The journey by land was less interesting and beautiful than the voyage on the great gulf, where the boat glided about among fairy islands, some inhabited by eagles only, others the dwelling-places of the iguana, and rustling with the strange sounds made by these creatures, as they trailed their loathly limbs over the dead leaves and fallen branches. Towards evening, the boat would be suffered to ground upon the mud, whence arose a strong sulphuric odor, as though a submarine volcano slept its threatening sleep beneath. One day the odor was explained, and M. Mouhot's supposition realized, for, as they floated slowly upon the broad water, under the burning sun, the waves suddenly arose, and tossed and boiled around them, and toyed with the little bark in rough and ghastly play; and then an immense jet of steam and water was flung into the air. Nature works unremittingly and rapidly in those distant laboratories, and the geological changes of the entire territory are easily to be traced. From the great gulf, they entered the Chantabour river, and rowed along its banks, rich with all the treasures of the tropics in animal and vegetable life. The splendid forest trees reared their lofty heads above the deep swifl stream, and spread their giant arms to the parasites which bound them in intertwining wreaths of blossom and trailing foliage. The stirless air was laden with perfumes, and bright with the wings of myriads of insects, which, like living jewels, flashed out their brief life in the sunshine. Innumerable monkeys jumped about in the trees, chattering and shrieking, or formed themselves, by adhesive links of limb and tail, into a chain, ■whose first coil was fastened to the branch of a huge tree, while the last hung, tempting, but unattainable, witiiin a few inches of the terrible jaws of a beguiled and hungry crocodile. This touch of nature must have afforded infinite amusement to the French philosopher, whose collections gained largely from this voyage. But his destination was far more distant, even to the forests of the savage Stiens, feared and abhorred by the natives of Cambodia.
"Do you know," said a missionary to the traveler, "whither you are going? Ask the Cambodians, and propose to some of them to accompany you; you will not find one." But the priest warned the enthusiast in vain; he knew he should find laud and fresh water shells in those terrible forests, which he could find nowhere else, and he went on. "May God be with the poor traveler," prayed the missionary as his last adieu, when the little party went on their way, and he saw them no more. They sojourned I three months among the savage Stiens, I in constant peril from man, beast, reptile and climate. Their dwelling was in the forest surrounded by elephants, buffaloes, wild boars, rhinoceroses, and ti-1 gers, whose footprints were to be found everywhere. They lived as in a besieged place, with guns always loaded, and ever on the alert against the enemy. The mos-1 quitoes gave them no respite ; and when j they avoided scorpions, serpents, and centipedes, they were fallen upon by leeches, and leisurely drained of blood which they could ill spare. M. Mouhot would sit down to write the result of his day's explorations to the agreeable accompaniment of a tiger's roaring round his dwelling, as he inspected the pigs, through the cracks in the fence of planks and bamboo, or the portentous trampling of a rhinoceros, as he trod down all ob- ,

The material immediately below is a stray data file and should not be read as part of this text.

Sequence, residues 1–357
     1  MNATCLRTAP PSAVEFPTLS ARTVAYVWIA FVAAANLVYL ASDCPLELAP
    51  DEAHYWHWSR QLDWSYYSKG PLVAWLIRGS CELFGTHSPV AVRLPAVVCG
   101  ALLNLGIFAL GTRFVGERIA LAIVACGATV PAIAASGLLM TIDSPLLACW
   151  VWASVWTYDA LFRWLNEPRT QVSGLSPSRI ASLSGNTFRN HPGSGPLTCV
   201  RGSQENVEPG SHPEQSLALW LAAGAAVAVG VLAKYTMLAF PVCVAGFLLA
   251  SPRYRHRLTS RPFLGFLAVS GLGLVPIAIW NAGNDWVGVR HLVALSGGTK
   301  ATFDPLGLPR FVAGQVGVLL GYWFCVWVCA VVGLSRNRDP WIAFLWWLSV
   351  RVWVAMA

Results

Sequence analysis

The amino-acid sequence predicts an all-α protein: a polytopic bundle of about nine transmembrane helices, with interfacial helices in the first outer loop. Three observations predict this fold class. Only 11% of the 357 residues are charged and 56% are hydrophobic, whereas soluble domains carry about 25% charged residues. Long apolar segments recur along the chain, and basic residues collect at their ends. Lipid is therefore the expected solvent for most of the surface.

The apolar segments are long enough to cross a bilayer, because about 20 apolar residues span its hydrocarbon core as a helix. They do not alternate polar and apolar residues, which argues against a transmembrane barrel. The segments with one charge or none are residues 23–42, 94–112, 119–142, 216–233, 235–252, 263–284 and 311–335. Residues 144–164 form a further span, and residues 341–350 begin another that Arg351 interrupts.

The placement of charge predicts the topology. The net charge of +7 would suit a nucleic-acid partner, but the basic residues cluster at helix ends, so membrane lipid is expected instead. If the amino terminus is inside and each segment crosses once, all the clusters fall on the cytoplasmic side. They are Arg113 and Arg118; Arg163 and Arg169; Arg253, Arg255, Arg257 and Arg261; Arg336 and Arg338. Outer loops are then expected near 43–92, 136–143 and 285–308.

Ktw Seiukb—Vol. II., No. 2.
stacles in his progress towards the garden, where he intended to sup. In this terrible place they found missionaries, who lent them every possible assistance and comfort, and the naturalist studied to his heart's content, though his absolute discoveries were limited to some beautiful new species of insects and landshells. It is very solemn and affecting to find him speculating upon the probabilities of his ever being able to make his observations upon the savage people known to the public; upon whether the notes, scribbled by torch-light on his knee, at the foot of a forest tree, are ever destined to be put into a readable form, or whether some kind person will take charge of them, when he shall have fallen a victim to pestilence or some ferocious beast. The end was as yet far off, but knowing it as we do, there is a tone of sadness in these simple lines.